<% } %>
<%-name%>
Add image file
Upload
charles wrote:

A ligneous equivalent of the grocer's thumb.
--
Les (BrE)


Add pictures here
<% if( /^image/.test(type) ){ %>
<% } %>
<%-name%>
Add image file
Upload
* charles:

The pound was first defined to be 500 g in Germany in the 1850s. A good hundred years later, it ceased to be an allowed measure in trade. It is now slowly vanishing from everyday language. So, maybe 100-200 years is realistic for this kind of transition.
--
The Eskimoes had fifty-two names for snow because it was important
to them, there ought to be as many for love.
  Click to see the full signature.
Add pictures here
<% if( /^image/.test(type) ){ %>
<% } %>
<%-name%>
Add image file
Upload
On Thu, 7 Nov 2013 13:47:53 -0500, Oliver Cromm

Big difference there; you had before unification a good many measures, roughly but not exactly equal, with the same name. Standardizing -them- was the first step.
ANMcC
Add pictures here
<% if( /^image/.test(type) ){ %>
<% } %>
<%-name%>
Add image file
Upload

Or 290mm.
When South Africa went metric in 1971 the price of building rose, because metric bricks were smaller and took longer to lay. Then a brickmaker introduced the M290 brick, whose longest dimension was 290mm, which made it bigger than the old Imperial bricks.
--
Steve Hayes from Tshwane, South Africa
Web: http://www.khanya.org.za/stevesig.htm
  Click to see the full signature.
Add pictures here
<% if( /^image/.test(type) ){ %>
<% } %>
<%-name%>
Add image file
Upload
On 2013-11-08, Steve Hayes wrote:

The standard British brick now is 215 × 102.5 × 65 mm; if you use the standard 10 mm joints, the length is twice the width or 3× the height. (I think the joints were smaller with the Imperial size.)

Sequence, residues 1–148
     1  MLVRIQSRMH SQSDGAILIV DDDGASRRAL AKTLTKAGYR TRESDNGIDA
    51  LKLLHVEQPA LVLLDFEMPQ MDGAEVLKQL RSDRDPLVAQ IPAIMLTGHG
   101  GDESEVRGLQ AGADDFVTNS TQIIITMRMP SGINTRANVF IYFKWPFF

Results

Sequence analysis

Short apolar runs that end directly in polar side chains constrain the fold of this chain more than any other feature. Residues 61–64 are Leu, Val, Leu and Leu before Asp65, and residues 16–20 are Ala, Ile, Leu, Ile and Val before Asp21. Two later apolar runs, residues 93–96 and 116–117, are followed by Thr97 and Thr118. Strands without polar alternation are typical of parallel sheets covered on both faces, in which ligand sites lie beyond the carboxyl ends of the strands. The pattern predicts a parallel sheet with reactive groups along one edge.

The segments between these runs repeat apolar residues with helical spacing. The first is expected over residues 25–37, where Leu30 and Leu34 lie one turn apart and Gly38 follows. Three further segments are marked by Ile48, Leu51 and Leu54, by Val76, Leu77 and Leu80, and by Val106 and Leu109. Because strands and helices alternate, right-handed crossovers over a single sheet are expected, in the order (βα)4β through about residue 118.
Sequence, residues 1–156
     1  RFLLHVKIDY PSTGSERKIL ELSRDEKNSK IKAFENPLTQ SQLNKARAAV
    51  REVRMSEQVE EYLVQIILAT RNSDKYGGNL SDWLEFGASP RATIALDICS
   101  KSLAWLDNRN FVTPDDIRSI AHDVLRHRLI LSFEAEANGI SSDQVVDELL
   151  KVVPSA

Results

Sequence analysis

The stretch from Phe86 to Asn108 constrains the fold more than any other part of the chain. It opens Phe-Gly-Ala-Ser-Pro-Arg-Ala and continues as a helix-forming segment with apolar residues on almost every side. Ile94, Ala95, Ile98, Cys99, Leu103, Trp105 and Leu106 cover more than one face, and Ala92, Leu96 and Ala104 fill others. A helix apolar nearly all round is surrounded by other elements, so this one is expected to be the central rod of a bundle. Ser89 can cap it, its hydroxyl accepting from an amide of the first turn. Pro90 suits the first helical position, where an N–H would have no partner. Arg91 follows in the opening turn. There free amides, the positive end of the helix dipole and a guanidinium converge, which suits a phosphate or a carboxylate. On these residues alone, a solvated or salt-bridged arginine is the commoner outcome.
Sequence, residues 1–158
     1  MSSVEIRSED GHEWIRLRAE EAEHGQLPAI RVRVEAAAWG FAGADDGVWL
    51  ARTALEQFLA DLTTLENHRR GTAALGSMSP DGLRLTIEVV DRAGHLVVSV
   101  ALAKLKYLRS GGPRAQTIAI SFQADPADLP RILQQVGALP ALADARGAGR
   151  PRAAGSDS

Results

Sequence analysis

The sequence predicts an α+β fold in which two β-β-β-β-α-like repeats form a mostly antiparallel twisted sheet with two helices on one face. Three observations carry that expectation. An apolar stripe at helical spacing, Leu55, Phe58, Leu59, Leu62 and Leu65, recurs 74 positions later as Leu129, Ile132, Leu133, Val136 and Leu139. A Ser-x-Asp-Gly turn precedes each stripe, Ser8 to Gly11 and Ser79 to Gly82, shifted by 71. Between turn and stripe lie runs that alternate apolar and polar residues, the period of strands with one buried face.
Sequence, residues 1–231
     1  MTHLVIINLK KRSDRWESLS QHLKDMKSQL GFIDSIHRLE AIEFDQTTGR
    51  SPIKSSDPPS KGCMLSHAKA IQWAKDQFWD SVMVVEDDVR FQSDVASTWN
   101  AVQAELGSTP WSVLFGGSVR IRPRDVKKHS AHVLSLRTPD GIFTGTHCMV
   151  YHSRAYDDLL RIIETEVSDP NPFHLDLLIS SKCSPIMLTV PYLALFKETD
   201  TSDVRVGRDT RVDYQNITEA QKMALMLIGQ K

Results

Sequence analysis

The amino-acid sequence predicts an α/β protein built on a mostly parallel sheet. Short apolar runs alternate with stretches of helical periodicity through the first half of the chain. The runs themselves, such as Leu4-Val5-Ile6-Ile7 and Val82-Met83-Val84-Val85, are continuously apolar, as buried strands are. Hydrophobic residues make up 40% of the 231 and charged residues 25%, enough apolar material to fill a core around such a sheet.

--
Unix is a user-friendly operating system. It's just very choosy about
its friends.
  Click to see the full signature.
Add pictures here
<% if( /^image/.test(type) ){ %>
<% } %>
<%-name%>
Add image file
Upload
On 03/11/2013 22:51, Daniel Prince wrote:

I agree with the "deceptive". I can see their logic; they are using "feet" as an integer quantity. So "one foot" is nowhere near three feet, but "two feet" is nearly three.
I use a related deception by saying that my age is nearer to 60 than it is to 50. I could equally say that I'm nearer 50 than 40, but that deception is more obvious upon inspection (of my face).
--
Steve Swift
http://www.swiftys.org.uk/
  Click to see the full signature.
Add pictures here
<% if( /^image/.test(type) ){ %>
<% } %>
<%-name%>
Add image file
Upload
Daniel Prince filted:

How many feet does the grabber extend your reach?..."more than two" is enough for them to call it "nearly three"....r
--
Me? Sarcastic?
Yeah, right.
  Click to see the full signature.
Add pictures here
<% if( /^image/.test(type) ){ %>
<% } %>
<%-name%>
Add image file
Upload
On 11/5/2013 2:30 AM, R H Draney wrote:

Using the words "nearly three" *sounds* more positive than using another word like say "almost three".
--
Jenn

Add pictures here
<% if( /^image/.test(type) ){ %>
<% } %>
<%-name%>
Add image file
Upload
* Jenn:

When my son is still up at 10:15, my wife reminds him that it's 11 and he should be in bed. I understand that she uses hyperbole, but I am still wondering how she expected him to learn the clock this way.

But it is in fact only "almost nearly three feet" (it would be nearly three feet if it was just a little longer).
--
The Internet? Is that thing still around? - Homer Simpson

Add pictures here
<% if( /^image/.test(type) ){ %>
<% } %>
<%-name%>
Add image file
Upload
Oliver Cromm wrote:

true! So, why do we still talk that way?
--
Jenn



Add pictures here
<% if( /^image/.test(type) ){ %>
<% } %>
<%-name%>
Add image file
Upload

Related Threads

HomeOwnersHub.com is a website for homeowners and building and maintenance pros. It is not affiliated with any of the manufacturers or service providers discussed here. All logos and trade names are the property of their respective owners.